Beginning 11 May, multiple provinces announced that they would suspend use of the AstraZeneca vaccine once again, citing either supply issues or the blood clotting risk. Some provinces stated that they planned to only use the AstraZeneca vaccine for outstanding second doses.[176][177][178] On 1 June, NACI issued guidance, citing the safety concerns as well as European studies showing an improved antibody response, recommending that an mRNA vaccine be administered as a second dose to patients that had received the AstraZeneca vaccine as their first dose.[179]

Indonesia

In mid-March, Indonesia halted the rollout of the vaccine while awaiting more safety guidance from the World Health Organization,[180] and then resumed using the vaccine on 19 March.[181]

Australia

On 17 June 2021, Australia revised its recommendations for the rollout of the vaccine, recommending that the Pfizer Comirnaty vaccine be used for persons aged under 60 years if the person has not already received a first dose of AstraZeneca COVID-19 vaccine. The AstraZeneca COVID-19 vaccine can still be used in persons aged under 60 years where the benefits are likely to outweigh the risks for that person, and the person has made an informed decision based on an understanding of the risks and benefits in consultation with a medical professional.[182]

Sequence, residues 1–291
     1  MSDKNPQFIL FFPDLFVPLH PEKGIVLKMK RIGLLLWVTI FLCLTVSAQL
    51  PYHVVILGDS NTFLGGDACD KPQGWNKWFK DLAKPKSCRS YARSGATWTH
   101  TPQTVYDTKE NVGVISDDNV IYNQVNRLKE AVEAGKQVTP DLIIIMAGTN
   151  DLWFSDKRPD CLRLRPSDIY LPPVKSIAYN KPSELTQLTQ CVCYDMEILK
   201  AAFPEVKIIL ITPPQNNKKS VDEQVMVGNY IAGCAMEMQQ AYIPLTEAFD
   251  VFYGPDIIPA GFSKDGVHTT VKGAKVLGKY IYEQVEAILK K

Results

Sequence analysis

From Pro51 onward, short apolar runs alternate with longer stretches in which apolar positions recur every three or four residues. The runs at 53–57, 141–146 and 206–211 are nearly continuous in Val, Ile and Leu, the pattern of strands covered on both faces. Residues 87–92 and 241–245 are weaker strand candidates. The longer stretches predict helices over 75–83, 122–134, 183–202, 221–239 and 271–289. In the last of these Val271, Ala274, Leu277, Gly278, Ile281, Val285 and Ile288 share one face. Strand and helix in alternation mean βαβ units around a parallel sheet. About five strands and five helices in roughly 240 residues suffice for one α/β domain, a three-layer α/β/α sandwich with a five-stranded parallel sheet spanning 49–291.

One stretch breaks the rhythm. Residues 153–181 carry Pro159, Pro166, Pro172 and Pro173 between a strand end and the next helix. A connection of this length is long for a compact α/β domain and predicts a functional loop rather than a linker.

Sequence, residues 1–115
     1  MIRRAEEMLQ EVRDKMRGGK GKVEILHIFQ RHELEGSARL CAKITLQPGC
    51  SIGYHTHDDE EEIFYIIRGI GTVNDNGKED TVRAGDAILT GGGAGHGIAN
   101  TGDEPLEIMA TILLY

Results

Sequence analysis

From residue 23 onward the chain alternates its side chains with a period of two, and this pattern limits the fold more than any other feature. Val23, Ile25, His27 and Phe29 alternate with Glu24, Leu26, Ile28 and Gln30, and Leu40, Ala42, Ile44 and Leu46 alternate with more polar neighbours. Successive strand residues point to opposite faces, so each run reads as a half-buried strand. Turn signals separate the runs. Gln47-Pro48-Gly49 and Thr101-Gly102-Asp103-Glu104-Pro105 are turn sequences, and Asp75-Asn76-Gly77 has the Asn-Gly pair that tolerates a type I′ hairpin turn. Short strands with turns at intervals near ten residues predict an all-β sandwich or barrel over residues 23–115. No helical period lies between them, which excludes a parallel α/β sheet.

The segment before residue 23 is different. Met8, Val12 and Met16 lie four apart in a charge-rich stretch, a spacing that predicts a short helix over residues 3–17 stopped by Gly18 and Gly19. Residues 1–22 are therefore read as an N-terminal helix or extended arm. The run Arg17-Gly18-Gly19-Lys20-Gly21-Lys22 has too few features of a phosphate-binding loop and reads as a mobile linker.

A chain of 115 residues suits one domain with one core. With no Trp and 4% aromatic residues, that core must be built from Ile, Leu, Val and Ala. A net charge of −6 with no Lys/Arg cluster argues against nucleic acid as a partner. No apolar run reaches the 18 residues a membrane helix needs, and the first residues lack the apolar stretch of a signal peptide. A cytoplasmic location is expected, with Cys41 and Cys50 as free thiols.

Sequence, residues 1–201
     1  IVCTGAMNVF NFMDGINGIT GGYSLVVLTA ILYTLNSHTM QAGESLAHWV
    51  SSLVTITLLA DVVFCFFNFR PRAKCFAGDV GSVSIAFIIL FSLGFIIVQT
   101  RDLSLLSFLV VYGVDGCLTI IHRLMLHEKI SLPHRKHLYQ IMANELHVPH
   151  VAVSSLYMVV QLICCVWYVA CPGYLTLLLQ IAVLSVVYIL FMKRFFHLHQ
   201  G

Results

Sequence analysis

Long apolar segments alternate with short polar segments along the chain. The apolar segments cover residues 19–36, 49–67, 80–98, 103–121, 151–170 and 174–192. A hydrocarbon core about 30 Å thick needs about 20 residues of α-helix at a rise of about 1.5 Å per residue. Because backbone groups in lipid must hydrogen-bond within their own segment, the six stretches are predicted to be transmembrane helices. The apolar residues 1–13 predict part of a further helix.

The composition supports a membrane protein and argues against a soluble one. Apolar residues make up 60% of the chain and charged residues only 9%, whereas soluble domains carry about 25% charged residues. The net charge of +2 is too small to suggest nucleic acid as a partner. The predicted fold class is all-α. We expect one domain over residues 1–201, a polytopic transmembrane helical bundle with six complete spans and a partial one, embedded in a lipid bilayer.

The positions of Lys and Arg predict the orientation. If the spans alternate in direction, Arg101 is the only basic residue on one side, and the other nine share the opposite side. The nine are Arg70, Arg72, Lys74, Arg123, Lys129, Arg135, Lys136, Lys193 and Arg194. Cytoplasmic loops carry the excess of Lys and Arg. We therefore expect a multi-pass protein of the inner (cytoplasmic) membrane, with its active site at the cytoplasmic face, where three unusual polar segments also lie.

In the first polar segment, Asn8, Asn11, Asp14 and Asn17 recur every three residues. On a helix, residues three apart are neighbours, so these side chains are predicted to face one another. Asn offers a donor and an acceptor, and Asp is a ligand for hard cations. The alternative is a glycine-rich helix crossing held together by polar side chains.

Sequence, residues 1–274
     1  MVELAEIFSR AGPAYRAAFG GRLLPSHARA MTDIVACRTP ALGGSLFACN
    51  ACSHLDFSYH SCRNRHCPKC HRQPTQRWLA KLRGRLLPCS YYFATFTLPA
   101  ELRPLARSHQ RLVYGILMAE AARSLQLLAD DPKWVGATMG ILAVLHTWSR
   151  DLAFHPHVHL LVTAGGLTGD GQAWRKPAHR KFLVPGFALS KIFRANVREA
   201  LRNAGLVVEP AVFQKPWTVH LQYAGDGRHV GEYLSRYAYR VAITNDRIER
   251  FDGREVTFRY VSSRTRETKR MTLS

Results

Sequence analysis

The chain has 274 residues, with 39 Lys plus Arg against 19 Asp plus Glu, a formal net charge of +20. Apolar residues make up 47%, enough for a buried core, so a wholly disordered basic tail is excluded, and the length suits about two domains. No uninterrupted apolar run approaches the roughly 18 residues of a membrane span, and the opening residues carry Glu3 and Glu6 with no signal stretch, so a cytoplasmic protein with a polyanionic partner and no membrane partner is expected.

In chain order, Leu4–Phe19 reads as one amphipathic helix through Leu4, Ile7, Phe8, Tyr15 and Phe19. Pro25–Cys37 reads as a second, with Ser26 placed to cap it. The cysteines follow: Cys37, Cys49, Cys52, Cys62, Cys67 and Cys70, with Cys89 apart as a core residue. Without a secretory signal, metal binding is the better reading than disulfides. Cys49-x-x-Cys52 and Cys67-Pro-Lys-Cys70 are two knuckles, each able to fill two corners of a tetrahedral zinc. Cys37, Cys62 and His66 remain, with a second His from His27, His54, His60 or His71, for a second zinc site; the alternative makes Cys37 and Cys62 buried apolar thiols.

Malaysia

After initially approving the use of the AstraZeneca vaccine, Malaysian health authorities removed the vaccine from the country's mainstream vaccination programme due to public concerns about its safety.[183] The AstraZeneca vaccines will be distributed in designated vaccination centres, and the public can register for the vaccine on a voluntary basis. All 268,800 doses of the initial batch of the vaccine were fully booked in three and a half hours after the registration opened for residents of the state of Selangor and the Federal Territory of Kuala Lumpur.[184] A second batch of 1,261,000 doses was offered to residents of the states of Selangor, Penang, Johore, Sarawak, and the Federal Territory of Kuala Lumpur. A total of 29,183 doses were reserved for previously waitlisted registrants, and 275,208 doses were taken up by senior citizens during a grace 3-day period. The remaining 956,609 doses were then offered to those aged 18 and above, and was completely booked within an hour.[185]

Safety review